The Knife Sharpener’s Bell is a novel about a Canadian family, originally from Russia, which returns to the Soviet Union – yes returns. This happened more times than people realize, when the depression was hitting hard. Communism was so respected that in 1932 Will Durant, a writer and journalist, could not get an article about the Ukrainian famine published in Harper’s or The Atlantic, because those eminent publications worried about alienating readers.

Now here I have to pause to tell you about the author of this novel, Rhea Tregebov, whose family history includes a story of returnees to the Soviet Union. Rhea is a friend of mine, an accomplished poet and writer of children’s stories. My kids still sometimes mention them. Rhea is also a creative writing prof out at the University of British Columbia.

I hope that her students appreciate her. Rhea has the unique gift of being able to criticise writing while making it sound like praise. I don’t mean that she deals in flattery or half-truths or lies, but that she has a way of putting criticism that is energizing, making one want to roll up the sleeves and get to work. Her criticism magically engages confidence in what has already been done and what can be done with that work. I don’t know how she does it.

Rhea was my mentor in a program for first novels at The Writers’ Union of Canada when I was writing The River Midnight. It was my first novel, and her feedback helped me to bring it up more than a notch. A few years later, somewhere around the third draft of The Singing Fire, I was thinking that I should quit writing and get a job pushing paper. But Rhea’s special brand of encouragement mixed with criticism got me back onto the fourth draft, which involved cutting vast swaths of the novel and starting from scratch…better.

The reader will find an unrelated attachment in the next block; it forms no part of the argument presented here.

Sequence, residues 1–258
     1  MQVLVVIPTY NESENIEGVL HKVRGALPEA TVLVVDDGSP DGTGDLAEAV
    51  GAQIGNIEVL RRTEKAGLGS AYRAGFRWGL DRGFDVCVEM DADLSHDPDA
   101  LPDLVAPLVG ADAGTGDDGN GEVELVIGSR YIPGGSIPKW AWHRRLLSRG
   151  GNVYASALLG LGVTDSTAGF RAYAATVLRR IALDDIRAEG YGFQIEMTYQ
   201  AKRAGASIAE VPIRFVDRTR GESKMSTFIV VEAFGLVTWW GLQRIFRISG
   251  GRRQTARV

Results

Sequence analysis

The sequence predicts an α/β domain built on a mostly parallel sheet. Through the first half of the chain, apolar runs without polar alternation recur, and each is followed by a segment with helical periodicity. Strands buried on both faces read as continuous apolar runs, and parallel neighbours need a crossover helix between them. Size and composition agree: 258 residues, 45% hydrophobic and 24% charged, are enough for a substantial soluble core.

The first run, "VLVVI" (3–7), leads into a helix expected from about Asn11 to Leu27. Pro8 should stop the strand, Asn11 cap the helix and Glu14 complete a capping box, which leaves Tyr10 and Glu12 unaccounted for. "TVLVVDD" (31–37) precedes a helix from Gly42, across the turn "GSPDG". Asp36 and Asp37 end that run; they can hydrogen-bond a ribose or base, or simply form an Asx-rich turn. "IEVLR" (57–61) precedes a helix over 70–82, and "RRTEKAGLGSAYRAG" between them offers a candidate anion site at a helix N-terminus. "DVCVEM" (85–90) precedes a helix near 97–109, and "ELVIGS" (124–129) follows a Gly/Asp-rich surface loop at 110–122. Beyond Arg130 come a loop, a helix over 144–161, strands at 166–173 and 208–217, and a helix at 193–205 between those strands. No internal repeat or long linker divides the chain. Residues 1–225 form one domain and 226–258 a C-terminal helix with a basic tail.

I think that Rhea, in her own unostentatious way, knows everybody who is anybody in Canadian literature. I’m not sure that I’m anybody, but she’s been a gift in my life, and I know in many others.

Her entire ouevre, and there are many wonderful books, can be seen at her website. Have a look and do more – buy.

 http://liliannattel.wordpress.com/2011/01/18/the-knife-sharpeners-bell/

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The Knife Sharpener’s Bell Globe & Mail Top 100 book for 2010

Globe Books Special

Jim Bartley’s top 5

THE KNIFE SHARPENER’S BELL
By Rhea Tregebov (Coteau)

The imminence of disaster – sensing it will come, not knowing how – infuses this tale of a Winnipeg family resettling in ancestral Ukraine. From callow childhood to belated understanding, snapshot scenes slowly coalesce into the arc of decades. Tregebov’s sorrows are admirably unlyricized, her nostalgia tart rather than sweet. The emerging Holocaust lurks like a slumbering monster, determinedly denied until it begins to claim victims.

Globe and Mail, November 27, 2010

For more top books of 2010, to go

http://www.theglobeandmail.com/news/arts/books/jim-bartleys-top-5/article1814783/